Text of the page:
Martin Longley has made a pronouncement to the effect that The Allen Room boasts the best view from a New York City venue. It also plays host to some pretty hot music…
The Allen Room
It’s impossible to escape the aura of respectable tradition that surrounds Lincoln Center’s annual American Songbook series. The very concept evokes an established Broadway-and-beyond form that lies at the very heart of US popular music. The majority of the artists presented in Jazz At Lincoln Center’s Allen Room hail from the mainstream, whether it be jazz, cabaret, country or pop, but the series has regularly encouraged a slightly subversive element, where representatives from the alternative rock world are invited to tread the boards of NYC’s most impressively situated stage. St. Vincent made a relatively early-career appearance in 2010, and tUnE-yArDs was to follow a week after this Thurston Moore gig. It’s amusing to compare the ways in which performers respond to the twinkling vista that lies beyond the expansive behind-stage windows, overlooking the south-west corner of Central Park. Thurston Moore wondered why his band couldn’t face the other way, backs to the tiered audience, to drink in the uptown scenery. Of course, when the Sonic Youth frontman eventually ceased singing and flew off into the abstract guitar zone, his wish was granted, as most of the band members faced back towards the drumkit, layering waves of tone as they gazed across at the starry skyscraper shimmers.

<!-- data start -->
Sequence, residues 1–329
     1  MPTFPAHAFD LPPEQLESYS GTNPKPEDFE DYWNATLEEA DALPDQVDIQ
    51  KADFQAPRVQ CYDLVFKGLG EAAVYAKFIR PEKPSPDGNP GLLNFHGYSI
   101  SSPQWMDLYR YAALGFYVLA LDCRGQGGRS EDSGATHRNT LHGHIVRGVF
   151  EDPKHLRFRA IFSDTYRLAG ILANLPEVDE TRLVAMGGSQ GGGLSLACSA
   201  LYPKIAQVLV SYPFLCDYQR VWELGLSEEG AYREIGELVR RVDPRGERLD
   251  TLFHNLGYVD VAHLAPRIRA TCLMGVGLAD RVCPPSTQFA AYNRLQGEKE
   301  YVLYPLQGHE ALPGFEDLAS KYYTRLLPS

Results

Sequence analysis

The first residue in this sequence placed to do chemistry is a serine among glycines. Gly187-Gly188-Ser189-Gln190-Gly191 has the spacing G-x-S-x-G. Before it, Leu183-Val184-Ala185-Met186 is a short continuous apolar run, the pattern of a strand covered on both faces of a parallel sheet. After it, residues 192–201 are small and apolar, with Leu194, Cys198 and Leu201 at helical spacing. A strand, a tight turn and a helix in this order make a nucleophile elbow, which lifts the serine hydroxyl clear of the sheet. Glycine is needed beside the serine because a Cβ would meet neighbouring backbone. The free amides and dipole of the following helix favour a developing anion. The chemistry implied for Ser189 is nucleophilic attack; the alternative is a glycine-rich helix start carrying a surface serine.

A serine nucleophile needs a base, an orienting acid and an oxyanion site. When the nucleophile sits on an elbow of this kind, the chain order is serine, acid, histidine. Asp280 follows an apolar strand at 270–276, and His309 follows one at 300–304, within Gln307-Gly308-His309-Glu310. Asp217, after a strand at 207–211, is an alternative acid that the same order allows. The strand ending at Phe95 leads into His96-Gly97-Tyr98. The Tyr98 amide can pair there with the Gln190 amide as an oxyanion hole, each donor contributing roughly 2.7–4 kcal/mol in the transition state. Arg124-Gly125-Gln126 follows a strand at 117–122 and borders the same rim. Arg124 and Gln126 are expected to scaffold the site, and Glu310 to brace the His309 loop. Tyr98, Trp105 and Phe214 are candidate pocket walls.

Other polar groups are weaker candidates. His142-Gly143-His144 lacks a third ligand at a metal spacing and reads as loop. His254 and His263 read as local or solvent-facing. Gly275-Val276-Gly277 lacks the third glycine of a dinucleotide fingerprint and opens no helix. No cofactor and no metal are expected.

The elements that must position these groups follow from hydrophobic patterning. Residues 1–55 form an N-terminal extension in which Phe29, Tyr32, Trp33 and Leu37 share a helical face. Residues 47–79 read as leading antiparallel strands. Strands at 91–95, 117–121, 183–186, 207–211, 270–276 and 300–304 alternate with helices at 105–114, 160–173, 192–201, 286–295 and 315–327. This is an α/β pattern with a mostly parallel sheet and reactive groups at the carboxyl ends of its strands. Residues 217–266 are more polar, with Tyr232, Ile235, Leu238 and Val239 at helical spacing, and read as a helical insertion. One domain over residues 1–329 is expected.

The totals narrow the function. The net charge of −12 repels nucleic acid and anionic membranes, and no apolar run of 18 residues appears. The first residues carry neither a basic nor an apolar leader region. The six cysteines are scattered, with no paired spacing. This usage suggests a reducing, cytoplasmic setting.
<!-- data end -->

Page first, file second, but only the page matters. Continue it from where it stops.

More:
Moore mentioned Sonic Youth in the present tense, wishing fellow guitarist Lee Ranaldo a happy birthday. It’s not yet clear whether the NYC noiseniks will continue working together following the recent announcement that Moore and his longtime lover Kim Gordon are now a sundered item. All the band members are presently operating solo projects, but probably no more than was ever the case. Moore has been recording and touring with his own band since the release of Psychic Hearts in 1995, although activity has increased following 2007’s Trees Outside The Academy. The recent concept behind Moore’s solo work has been to move within the semi-acoustic, psychedelic folk realms, post-Neil Young. Acoustic guitars and violin are prominent, but effects pedals are allowed, facilitating a thickening of textures beyond what would usually be expected from such instrumentation. The set drew from all of Moore’s solo albums, with an emphasis on the latest, Demolished Thoughts.
For much of the time, Moore strummed a 12-string guitar, its sympathetic string-vibrations adding to the jangle, drone and atonal options. Moore joked, as fellow guitarist Keith Wood re-tuned between each song, that he himself never needs to give his guitar such loving attention. Funnily enough, following this comment, Moore elected to undergo a few spots of late-set tuning-up. Wood is also known as Hush Arbors, releasing his own works under that name. The drummer John Moloney was a founder of Sunburned Hand Of The Man, a shape-shifting anarcho-improv cosmic rabble of an ensemble. Moore joked that Moloney shouldn’t have been allowed in the building. In fact, Moore is rarely known to orate so copiously during a performance. It turns out that he’s a master raconteur, with a sharp wit.